Having recently sold a new construction home in Destin, Florida, I was not surprised to review the builder contract and find an “Escalation Clause for Specified Building Materials”. My buyer client had not read the contract carefully, and as we sat with the builder to finalize the sale, I brought it up.
What is this new construction cost escalation clause, and why is it used?
Building construction material costs have been rising for more than a year, since the beginning of the COVID pandemic. Lumber and steel production declined and housing demand increased. Home remodeling projects skyrocketed from people working from home. These factors, as well as tariffs on imports and labor costs, caused the price of lumber and other construction materials to rapidly increase.
Building materials prices have increased 22.5% year-over-year.
Steel products costs are up 59% in 2021
Softwood lumber prices are up 81%
The cost of a new home has increased on average by $30,000 due to the price of lumber alone.
Since construction materials prices are considered “volatile”, builders are adding clauses to their contracts to cover unexpected price increases during construction. This is called the “Escalation Clause for Specified Building Materials”, or a version thereof. So, instead of being locked into the contract price for a new home, and stuck with the extra and unknown materials cost increase, the risk is being passed along to the buyer, or partially shared by the builder. It’s being used in about 47% of new construction contracts.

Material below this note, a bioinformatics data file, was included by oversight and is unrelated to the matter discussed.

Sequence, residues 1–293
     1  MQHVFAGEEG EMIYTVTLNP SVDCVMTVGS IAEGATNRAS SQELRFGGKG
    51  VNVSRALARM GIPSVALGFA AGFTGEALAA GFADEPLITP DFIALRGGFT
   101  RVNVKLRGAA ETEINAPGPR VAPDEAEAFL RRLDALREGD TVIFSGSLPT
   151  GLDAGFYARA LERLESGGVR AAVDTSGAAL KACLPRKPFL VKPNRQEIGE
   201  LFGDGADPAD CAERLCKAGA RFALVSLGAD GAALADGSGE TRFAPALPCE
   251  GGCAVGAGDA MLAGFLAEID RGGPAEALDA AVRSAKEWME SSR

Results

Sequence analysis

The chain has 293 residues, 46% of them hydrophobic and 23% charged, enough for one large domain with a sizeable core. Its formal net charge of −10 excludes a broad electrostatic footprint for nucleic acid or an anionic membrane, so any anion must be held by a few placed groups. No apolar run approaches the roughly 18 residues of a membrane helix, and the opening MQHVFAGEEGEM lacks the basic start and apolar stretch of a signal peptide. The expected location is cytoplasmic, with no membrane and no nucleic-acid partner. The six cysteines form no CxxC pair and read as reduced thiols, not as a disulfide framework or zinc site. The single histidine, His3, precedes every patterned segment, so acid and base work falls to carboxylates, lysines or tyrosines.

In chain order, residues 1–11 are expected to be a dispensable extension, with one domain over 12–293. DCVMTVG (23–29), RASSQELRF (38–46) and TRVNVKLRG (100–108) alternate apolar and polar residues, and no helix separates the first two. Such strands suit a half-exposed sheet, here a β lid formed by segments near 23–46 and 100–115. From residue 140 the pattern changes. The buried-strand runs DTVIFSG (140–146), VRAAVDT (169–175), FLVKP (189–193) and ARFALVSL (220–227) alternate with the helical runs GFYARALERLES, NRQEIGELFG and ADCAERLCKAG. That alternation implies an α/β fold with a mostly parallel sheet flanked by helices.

In the case of my recent Destin new construction sale, the buyer would be obligated to pay up to 4% more for construction materials, should their cost increase by more than 6%. The initial cost increase of 6% would be paid by the builder. If the cost of the materials went up more than 10%, the buyer could pay the overage or terminate the contract. He would, however, lose his deposit. (Why? Because the builder will have already incurred costs in construction on buyer’s behalf, including and considering the builder’s time, design fees, permitting, lot preparation, paying subcontractors, and more.)
Variations to the Escalation Clause for Specified Building Materials include using a percentage increase of the overall base price of the home as a benchmark, or, as mentioned, using specified building materials cost increases. These extra fees may be paid at the time of the materials purchase or when the home is complete, and the sale closes.
You should read your new construction contract carefully to find out if you will be responsible for paying materials cost increases, at what limit, what happens if the limit is exceeded, and when payment will be due.
It’s Wendy… It’s Sold!
Wendy Rulnick, Broker, Rulnick Realty, Inc.
Email Wendy: [email protected]
Wendy Rulnick, Broker, lists and sells real estate in Destin, Santa Rosa Beach, 30A, Miramar Beach, Crestview, Sandestin, Seaside, Rosemary Beach, Okaloosa Island, Fort Walton Beach, Niceville, Freeport, Bluewater Bay, Navarre, Florida.